April 8, 2008

Taking Immersion All The Way

When I was in the 8th grade, I had to present an "invention" as part of a BS homework project. Mine, naturally, had to do with games. I drew a sketch of VR goggles, an omnidirectional treadmill, and sensor-laden gloves and called it a next-next-gen console. I was pretty sure that I was pulling it all out of my ass, but it turns out to be surprisingly feasible, if not cost effective or satisfying in implementation.

Are we moving towards this sort of total immersion? Is the Holodeck our ultimate destination? The popularity of the Wii, the availability of affordable VR technology, and the ever-increasing realism of game graphics suggests so. And most gamers can't wait.

But this stuff has a way of being a lot lamer than we imagine it. Personally, the Wii controls were a letdown. I do like the final product, but the sensing would require mind-reading to be accurate enough to satisfy me. And earlier attempts (read: Virtual Boy, every other early VR system) were generally awful.

Plus, I worry that we misunderstand a lot of the fun in games. It's not all about realism. I play Wii Sports sometimes when a tennis court is within a short walk. I play Rock Band even though I have no interest in learning to play drums. And I really don't think that Call of Duty 4 needed to be any more intense than it was (in 20 years this will be embarrassing to read, I'm sure).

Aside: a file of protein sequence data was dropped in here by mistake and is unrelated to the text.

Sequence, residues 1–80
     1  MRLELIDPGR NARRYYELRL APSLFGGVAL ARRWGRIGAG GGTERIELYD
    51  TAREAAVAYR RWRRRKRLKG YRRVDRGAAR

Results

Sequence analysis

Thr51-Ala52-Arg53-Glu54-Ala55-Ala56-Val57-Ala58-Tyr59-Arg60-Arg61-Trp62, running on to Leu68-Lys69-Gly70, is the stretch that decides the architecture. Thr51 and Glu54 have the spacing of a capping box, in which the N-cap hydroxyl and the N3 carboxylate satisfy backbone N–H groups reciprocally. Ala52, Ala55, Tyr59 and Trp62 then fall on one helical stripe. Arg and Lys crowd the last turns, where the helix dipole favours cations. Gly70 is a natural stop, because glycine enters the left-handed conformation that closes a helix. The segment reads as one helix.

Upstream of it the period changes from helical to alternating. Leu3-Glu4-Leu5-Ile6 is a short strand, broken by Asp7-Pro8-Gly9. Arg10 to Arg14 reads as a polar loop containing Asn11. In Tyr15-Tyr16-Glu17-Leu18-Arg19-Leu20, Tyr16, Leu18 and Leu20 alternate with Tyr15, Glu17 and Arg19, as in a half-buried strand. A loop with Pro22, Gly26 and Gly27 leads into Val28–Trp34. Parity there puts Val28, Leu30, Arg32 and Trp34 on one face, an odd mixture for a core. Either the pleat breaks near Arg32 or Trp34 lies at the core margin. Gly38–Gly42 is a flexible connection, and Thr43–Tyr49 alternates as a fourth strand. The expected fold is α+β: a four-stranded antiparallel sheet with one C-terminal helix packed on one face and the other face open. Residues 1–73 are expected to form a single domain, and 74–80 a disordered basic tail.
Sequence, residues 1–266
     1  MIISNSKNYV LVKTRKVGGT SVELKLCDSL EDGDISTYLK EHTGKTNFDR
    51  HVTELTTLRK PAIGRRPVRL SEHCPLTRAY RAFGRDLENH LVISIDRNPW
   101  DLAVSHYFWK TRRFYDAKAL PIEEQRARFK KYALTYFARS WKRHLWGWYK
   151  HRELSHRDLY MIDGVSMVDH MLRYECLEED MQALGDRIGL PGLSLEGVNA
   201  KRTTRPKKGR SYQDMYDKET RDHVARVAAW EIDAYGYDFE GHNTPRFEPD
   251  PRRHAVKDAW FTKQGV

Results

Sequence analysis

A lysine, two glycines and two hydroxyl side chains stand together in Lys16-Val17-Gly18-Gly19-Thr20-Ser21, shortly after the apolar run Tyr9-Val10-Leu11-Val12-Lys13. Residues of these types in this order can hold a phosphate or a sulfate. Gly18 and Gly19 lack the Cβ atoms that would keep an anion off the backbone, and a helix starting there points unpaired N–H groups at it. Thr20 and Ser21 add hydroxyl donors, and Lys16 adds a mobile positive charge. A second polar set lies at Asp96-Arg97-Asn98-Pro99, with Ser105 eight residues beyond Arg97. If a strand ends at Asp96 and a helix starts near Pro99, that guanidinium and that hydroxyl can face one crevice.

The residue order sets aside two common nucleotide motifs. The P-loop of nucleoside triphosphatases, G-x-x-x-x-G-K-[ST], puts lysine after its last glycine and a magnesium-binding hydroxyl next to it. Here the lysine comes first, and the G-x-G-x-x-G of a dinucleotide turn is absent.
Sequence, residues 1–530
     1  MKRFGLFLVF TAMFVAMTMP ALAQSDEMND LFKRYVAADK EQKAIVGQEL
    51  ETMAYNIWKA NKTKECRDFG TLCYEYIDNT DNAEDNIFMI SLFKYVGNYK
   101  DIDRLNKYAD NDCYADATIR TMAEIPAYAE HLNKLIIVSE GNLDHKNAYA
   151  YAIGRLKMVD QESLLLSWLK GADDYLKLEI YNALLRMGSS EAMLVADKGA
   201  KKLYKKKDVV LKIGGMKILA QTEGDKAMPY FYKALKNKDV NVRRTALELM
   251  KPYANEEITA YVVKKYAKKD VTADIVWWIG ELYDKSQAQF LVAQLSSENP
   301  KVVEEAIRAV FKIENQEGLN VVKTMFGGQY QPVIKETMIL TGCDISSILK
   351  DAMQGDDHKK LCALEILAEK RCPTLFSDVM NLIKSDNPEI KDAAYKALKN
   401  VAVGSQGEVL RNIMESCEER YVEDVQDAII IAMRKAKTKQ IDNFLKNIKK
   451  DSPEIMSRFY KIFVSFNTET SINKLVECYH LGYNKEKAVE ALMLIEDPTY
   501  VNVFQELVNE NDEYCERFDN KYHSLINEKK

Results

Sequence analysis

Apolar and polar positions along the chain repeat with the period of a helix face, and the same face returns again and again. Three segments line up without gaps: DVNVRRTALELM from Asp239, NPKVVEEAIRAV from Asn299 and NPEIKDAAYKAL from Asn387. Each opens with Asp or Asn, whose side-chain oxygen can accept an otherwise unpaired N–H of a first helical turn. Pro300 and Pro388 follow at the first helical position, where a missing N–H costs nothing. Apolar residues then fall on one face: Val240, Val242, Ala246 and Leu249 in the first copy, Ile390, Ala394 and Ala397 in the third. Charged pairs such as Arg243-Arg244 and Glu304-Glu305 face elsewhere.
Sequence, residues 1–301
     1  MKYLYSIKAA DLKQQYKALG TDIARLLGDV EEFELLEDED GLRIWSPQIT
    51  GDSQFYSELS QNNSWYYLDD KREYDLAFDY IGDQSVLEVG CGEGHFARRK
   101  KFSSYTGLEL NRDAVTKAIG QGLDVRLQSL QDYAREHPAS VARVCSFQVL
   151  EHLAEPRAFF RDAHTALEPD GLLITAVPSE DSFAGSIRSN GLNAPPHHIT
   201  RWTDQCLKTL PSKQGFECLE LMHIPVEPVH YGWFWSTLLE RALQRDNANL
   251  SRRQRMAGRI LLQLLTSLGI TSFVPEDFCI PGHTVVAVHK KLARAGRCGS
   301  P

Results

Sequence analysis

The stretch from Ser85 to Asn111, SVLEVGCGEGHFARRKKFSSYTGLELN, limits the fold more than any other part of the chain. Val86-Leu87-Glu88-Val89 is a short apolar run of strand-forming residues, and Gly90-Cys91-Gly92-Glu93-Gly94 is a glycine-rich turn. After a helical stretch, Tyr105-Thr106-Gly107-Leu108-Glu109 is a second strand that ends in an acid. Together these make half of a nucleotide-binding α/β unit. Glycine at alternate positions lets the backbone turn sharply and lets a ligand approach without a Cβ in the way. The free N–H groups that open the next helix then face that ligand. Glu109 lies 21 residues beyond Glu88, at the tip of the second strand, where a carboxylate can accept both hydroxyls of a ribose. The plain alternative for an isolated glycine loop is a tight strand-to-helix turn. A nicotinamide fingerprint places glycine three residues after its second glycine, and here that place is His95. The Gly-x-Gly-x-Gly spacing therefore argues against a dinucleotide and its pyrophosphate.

Total I/O immersion will probably be a ton of fun, but I find myself doubting that it can make everything better. Maybe the gamepad really is the best way to experience Super Smash Bros., or Halo 3, or Madden, eh?

1 comment:

Michou said...

If you buy into the escapist appeal of games - the idea that a [large?] of the 'appeal' of video games is their ability to be more interesting than our lives otherwise - then your comment on immersion is very important. Most of us who play games, while not fitting the 'couch potato' paradigm, are not in perfect physical condition, and I'm pretty sure that no-one can double jump. Gamers can become rock stars, Spartans, and (tentatively) God with the aid of games, and they need not actually have the qualities of personality, prowess, or omnipotence. The more 'realistic' immersion you demand, the more you require of a player, as well, so I think your point is well-founded. At least until we discover the crazy technology that allows us to put our minds into a virtual reality and inhibit a body that does have the required attributes...